Quoting John E. Fisher of the L.A. Department of Transportation, the L.A. City Nerd recentlyshared this interesting fact on Facebook: in 1924, the downtown L.A. intersection of Seventh Street and Broadway was the busiest in the world with 504,000 people crossing those streets each day.
The chaotic scenes captured in the photograph above would have been unfathomable to someone standing at Seventh and Broadway in middle of the nineteenth century. Running more than a mile southwest of the original pueblo, Seventh Street was little more than a line on surveyors' maps. Broadway, then known as Fort Street, lost itself in the agricultural lands that separated Seventh street from L.A.'s original urban core.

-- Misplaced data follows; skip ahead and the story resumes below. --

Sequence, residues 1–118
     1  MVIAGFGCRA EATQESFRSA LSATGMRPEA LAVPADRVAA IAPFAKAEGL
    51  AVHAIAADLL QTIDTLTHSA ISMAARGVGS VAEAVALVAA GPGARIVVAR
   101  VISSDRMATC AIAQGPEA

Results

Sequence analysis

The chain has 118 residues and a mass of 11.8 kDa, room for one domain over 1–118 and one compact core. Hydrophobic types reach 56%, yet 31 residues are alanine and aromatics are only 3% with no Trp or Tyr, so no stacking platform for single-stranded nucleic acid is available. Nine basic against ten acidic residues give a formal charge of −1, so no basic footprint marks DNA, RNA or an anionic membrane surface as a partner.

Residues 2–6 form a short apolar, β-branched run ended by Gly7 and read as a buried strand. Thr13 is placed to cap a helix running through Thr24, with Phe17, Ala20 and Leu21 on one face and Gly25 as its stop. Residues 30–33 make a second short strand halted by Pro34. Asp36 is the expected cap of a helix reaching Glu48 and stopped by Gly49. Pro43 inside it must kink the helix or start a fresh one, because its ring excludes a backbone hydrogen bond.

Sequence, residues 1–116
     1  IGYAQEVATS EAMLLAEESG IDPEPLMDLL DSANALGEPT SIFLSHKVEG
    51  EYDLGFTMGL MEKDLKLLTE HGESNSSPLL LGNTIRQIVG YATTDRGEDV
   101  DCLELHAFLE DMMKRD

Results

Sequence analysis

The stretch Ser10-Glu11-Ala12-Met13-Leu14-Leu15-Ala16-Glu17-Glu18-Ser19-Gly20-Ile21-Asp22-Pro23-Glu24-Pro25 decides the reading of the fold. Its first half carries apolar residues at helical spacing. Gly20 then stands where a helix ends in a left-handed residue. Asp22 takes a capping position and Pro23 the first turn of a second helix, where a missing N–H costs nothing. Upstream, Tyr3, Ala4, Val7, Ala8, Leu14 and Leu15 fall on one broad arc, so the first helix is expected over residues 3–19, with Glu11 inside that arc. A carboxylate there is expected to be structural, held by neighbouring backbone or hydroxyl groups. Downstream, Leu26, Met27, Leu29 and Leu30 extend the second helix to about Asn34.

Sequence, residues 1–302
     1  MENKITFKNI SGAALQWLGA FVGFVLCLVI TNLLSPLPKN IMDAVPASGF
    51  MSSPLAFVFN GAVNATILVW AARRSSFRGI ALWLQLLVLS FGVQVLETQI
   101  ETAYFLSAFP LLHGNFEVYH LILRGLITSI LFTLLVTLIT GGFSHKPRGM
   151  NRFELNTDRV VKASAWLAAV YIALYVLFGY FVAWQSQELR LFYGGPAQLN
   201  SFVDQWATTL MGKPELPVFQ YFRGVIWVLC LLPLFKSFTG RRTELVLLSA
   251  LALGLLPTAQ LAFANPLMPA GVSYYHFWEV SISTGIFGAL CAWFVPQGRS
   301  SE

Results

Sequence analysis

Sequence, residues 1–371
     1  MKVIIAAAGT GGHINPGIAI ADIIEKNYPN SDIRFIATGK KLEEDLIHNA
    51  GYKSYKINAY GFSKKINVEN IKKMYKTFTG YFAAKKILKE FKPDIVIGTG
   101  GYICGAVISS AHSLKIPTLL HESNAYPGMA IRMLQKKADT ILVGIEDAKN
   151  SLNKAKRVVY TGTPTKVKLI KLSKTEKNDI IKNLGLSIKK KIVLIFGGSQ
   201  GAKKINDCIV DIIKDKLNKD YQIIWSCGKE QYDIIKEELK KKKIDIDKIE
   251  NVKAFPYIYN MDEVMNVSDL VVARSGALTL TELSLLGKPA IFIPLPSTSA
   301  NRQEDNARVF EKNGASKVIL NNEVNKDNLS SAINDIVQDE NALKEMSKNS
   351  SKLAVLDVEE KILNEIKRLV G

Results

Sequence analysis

The intersection first gained notability in 1865, when St. Vincent's College opened on the intersection's northwest corner. Since renamed Loyola Marymount University, the boys' college occupied the entire city block bounded by Broadway and Seventh, Hill, and Sixth streets. St. Vincent's Court, a quaint alleyway, traces the path of the college's driveway.